One of the last things anyone should want is a machine-brain interface, even if it is a non-invasive type that doesn’t require brain surgery. However, the US military recently announced that it was throwing money at half a dozen organizations to come up with a system that lets its user control equipment with a thought.
The Defense Advanced Research Projects Agency (DARPA) wants American soldiers to have the ability to use their equipment with their minds. A brain-machine interface would allow them to drive their automated vehicles and fire their weapons by merely thinking the command.
To achieve its objective, the agency revealed the Next-Generation Nonsurgical Neurotechnology (N3) program. DARPA offered to provide six companies with the funding to design and develop a non-invasive machine-brain interface for American troops.
As imagined by DARPA, a user will wear a brain-machine interface on his head, perhaps indicating that it will fit underneath a helmet. The device will scan the wearer’s brainwaves and translate his brain activity into orders.
Using the non-invasive interface, an American soldier may send out swarms of attack drones, defend computer systems against cyber attack, or ensure efficient lines of communications.
DARPA expects the N3 program participants to present a working machine-brain interface within just four years. (Related: McDonald’s acquires machine-learning startup to develop personalized menus using A.I.)
“DARPA is preparing for a future in which a combination of unmanned systems, artificial intelligence, and cyber operations may cause conflicts to play out on timelines that are too short for humans to effectively manage with current technology alone,” explained N3 program manager Al Emondi.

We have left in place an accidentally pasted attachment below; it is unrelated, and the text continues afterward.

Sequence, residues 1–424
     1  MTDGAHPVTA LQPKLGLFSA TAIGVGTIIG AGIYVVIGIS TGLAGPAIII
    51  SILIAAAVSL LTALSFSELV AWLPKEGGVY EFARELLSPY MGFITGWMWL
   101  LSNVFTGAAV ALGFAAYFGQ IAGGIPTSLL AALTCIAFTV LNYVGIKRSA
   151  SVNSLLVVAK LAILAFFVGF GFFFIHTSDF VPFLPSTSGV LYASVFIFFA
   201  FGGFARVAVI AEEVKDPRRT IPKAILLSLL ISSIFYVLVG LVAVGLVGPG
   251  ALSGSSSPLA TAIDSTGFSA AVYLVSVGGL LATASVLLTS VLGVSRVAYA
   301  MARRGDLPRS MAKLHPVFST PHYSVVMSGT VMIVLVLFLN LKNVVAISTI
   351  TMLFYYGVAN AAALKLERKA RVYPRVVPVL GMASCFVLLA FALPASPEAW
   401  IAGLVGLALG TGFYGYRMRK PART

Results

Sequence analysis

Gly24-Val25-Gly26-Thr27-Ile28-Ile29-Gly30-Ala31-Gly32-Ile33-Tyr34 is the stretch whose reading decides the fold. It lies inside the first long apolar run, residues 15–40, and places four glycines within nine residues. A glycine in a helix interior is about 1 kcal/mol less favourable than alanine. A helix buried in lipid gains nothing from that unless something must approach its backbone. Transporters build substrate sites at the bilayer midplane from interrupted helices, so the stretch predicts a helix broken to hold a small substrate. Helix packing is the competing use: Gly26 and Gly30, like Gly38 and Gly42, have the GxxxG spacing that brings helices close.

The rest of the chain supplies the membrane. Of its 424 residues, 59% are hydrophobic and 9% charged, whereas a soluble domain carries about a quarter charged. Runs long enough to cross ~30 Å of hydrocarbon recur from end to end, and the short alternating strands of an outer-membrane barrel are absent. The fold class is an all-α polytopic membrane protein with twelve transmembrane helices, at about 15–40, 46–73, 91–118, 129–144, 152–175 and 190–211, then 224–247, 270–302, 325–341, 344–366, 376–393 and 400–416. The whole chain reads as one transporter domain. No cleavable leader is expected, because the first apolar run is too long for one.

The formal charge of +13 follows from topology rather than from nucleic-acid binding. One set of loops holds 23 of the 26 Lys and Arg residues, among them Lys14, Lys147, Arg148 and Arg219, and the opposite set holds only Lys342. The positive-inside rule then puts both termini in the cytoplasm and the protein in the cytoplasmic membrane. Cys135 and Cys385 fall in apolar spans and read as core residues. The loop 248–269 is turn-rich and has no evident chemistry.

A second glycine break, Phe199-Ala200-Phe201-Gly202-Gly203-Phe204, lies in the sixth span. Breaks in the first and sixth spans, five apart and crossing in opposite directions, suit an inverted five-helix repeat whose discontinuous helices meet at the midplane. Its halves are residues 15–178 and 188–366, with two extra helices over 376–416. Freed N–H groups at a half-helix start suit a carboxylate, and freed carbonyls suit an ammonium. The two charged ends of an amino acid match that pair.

“By creating a more accessible brain-machine interface that doesn’t require surgery to use, DARPA could deliver tools that allow mission commanders to remain meaningfully involved in dynamic operations that unfold at rapid speed.”
DARPA reportedly set aggressive benchmarks and timelines for the completion of preliminary examples of the machine-brain interface. Further, the agency also poured a considerable amount of funding into the program.
Two of the organizations participating in the N3 program reported receiving between $18 to $19.5 million of grant money.
The participating organizations included Battelle Memorial Institute, Carnegie Mellon University, Johns Hopkins University Applied Physics Laboratory, Palo Alto Research Center, Rice University, and Teledyne Scientific. Their teams would create high-resolution, bi-directional brain-machine interfaces for use by American soldiers.
For nearly two decades, DARPA has investigated and evaluated increasingly advanced brain-to-computer interfaces. It has come up with ways to control prosthetic limbs, restore the somatic (touch-related) sense of people using prosthetic parts, treat depression and other mental illnesses, and enhance the formation and recall of memory.
The neurotechnology depended on surgically implanted electrodes to work with the central or peripheral nervous systems.
The non-invasive machine-brain interface expected from the N3 program will avoid surgical approaches. It will employ wearable electronics equipment that will pick up brain signals.
“If N3 is successful, we’ll end up with wearable neural interface systems that can communicate with the brain from a range of just a few millimeters, moving neurotechnology beyond the clinic and into practical use for national security,” Emondi promised.
“Just as service members put on protective and tactical gear in preparation for a mission, in the future they might put on a headset containing a neural interface, use the technology however it’s needed, then put the tool aside when the mission is complete.”
Potential approaches include using ultrasound technology to scan the brainwaves of the user and swallowing a nano-sized transducer that passes data to a transceiver on the helmet.